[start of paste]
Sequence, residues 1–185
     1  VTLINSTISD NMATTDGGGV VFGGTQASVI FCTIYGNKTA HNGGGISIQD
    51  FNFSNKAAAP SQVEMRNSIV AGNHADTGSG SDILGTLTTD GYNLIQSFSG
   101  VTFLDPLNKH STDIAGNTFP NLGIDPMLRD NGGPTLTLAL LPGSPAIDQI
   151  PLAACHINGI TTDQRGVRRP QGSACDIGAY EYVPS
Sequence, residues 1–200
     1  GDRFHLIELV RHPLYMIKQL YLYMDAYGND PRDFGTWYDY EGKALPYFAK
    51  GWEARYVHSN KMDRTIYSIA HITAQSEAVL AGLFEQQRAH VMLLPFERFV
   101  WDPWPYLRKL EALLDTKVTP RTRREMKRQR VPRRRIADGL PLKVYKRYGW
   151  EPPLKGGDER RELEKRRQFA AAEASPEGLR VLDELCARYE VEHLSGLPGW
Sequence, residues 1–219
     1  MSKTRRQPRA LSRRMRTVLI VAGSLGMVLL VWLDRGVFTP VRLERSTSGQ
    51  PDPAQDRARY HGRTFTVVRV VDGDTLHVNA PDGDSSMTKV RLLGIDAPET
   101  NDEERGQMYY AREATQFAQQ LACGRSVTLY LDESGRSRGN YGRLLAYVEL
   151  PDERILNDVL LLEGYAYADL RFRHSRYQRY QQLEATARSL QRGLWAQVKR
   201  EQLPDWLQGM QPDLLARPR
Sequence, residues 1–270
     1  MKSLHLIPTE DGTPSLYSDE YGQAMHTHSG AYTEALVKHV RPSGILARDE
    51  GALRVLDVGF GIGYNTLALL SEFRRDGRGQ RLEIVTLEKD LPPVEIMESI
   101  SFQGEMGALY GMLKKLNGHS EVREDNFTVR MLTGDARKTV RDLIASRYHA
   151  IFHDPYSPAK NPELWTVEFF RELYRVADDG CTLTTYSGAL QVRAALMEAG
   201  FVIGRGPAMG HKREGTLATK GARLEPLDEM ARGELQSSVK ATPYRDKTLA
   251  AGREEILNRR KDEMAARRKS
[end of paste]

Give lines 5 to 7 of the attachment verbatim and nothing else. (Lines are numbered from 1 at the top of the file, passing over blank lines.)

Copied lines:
   151  PLAACHINGI TTDQRGVRRP QGSACDIGAY EYVPS
Sequence, residues 1–200
     1  GDRFHLIELV RHPLYMIKQL YLYMDAYGND PRDFGTWYDY EGKALPYFAK